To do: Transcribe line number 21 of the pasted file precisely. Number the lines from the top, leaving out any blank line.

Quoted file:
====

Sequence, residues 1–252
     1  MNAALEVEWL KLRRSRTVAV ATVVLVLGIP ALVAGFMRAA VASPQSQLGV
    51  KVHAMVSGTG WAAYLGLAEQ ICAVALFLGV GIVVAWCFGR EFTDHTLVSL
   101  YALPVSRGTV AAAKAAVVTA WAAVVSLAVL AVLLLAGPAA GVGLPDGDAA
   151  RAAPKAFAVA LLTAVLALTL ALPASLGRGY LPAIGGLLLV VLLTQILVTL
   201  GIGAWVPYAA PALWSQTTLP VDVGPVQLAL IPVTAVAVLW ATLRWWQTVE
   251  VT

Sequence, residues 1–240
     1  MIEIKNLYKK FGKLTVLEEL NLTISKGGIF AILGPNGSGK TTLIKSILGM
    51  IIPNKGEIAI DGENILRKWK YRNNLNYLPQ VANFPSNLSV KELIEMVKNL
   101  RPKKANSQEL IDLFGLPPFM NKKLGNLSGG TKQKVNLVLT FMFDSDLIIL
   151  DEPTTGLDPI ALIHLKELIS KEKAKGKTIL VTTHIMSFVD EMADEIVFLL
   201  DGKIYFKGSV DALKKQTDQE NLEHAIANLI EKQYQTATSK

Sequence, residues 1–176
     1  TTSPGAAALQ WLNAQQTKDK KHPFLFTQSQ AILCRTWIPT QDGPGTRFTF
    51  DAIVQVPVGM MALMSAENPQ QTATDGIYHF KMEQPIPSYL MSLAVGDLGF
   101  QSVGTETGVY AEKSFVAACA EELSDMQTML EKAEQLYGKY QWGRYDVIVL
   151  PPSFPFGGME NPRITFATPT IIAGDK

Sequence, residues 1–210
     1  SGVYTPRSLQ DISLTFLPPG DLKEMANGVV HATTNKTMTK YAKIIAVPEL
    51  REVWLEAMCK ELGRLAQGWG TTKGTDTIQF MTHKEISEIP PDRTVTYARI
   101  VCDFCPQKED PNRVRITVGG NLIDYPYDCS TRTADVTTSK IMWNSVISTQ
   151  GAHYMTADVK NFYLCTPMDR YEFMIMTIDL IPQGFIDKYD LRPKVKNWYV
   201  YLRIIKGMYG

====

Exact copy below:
    51  REVWLEAMCK ELGRLAQGWG TTKGTDTIQF MTHKEISEIP PDRTVTYARI